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Picture of Chris J. Strolin
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Excellent stuff coming in, guys. Really first class!

I was recently asked if we had lots of new blood coming in to The OEDILF Project and I admitted that, very recently anyway, we hadn't but that we're getting lots of great milage out of the old stuff. Keep up the great work!


adz

With computers, I follow the fads.
And scars on my head? I've got scads!
While curved blades are good
For the dressing of wood,
I can't seem to avoid pop-up adz!

(Heh-heh-heh! Oh, my! As frequently stated, the primary reason for The OEDILF to exist is simply to have fun with it and, my goodness, this one was fun to write! It's silly, it doesn't completely make sense, and I'm very proud of it.)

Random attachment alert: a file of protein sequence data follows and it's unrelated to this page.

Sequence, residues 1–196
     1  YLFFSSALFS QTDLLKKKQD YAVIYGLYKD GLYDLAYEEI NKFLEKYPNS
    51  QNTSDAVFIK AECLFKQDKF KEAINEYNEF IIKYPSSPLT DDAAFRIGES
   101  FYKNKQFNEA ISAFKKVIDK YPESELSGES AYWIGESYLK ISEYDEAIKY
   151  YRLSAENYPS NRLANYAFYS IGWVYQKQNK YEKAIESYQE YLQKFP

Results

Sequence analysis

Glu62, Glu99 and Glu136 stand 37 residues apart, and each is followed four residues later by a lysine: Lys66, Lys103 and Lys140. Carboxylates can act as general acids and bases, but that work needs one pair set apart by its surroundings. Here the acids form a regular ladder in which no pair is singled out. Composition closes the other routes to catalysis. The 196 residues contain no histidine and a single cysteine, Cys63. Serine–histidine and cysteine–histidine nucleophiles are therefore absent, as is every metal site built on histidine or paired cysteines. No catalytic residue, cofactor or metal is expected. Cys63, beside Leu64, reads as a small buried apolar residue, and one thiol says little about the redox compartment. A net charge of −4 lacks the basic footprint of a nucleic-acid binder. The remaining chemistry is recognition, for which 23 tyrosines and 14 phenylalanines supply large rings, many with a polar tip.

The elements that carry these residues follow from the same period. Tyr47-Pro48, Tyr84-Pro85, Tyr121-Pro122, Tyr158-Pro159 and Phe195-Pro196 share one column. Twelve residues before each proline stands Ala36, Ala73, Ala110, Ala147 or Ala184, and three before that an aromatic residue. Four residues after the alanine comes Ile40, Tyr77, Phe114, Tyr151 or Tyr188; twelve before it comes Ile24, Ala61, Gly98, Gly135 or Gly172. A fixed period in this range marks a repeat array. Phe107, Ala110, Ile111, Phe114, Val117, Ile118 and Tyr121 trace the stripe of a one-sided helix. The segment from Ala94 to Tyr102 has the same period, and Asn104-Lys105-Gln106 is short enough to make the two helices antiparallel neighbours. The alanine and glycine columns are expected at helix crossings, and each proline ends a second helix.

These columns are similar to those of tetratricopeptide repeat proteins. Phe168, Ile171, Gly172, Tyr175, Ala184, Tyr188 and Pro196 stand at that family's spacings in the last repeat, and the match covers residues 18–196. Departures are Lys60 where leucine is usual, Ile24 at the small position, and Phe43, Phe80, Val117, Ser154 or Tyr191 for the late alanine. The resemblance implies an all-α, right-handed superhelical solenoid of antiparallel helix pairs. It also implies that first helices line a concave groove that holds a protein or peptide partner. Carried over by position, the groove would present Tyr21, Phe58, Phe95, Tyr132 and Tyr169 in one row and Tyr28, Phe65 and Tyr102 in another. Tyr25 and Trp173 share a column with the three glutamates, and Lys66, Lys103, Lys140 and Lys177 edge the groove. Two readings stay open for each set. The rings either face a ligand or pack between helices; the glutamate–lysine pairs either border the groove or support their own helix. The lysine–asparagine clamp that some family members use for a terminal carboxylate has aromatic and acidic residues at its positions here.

aesthesia (pronounced "es-THEE-zhia")

Aesthesia, I'm led to believe,
Is a clear back formation that we've
Gotten from "anaesthesia."
(I knew that would please ya!)
It's the ability to feel or perceive.


adenoma

Adenoma (according to rumor)
Means "benign epithelial tumor."
Remove one from me
And I'm sure that I'll be
In a thankful and joyous good humor.

(I couldn't help but notice that you didn't seem to agree with my assessment of my "adz" piece as being fairly brilliant. The image I was going for was one of wood-working implements popping up out of a computer. Humorous, yes?)


aerosol

In writing a limerick, I've stated
On its meaning I'm often fixated.
I notice that "aerosol"
Rhymes so well with "parasol."
It's a damn shame they're so unrelated!


affect

Affect, as a noun, will belong
In a sentence where feeling is strong.
But if some execs
Write about "side affects,"
It's a cinch that they're using it wrong!

(OK, did I mention that I had scars in my head. Aw, c'mon! That was funny!!)


On an unrelated note, I notice that some people post limericks one per post. Is there an advantage or disadvantage to doing it this way?

This message has been edited. Last edited by: Chris J. Strolin,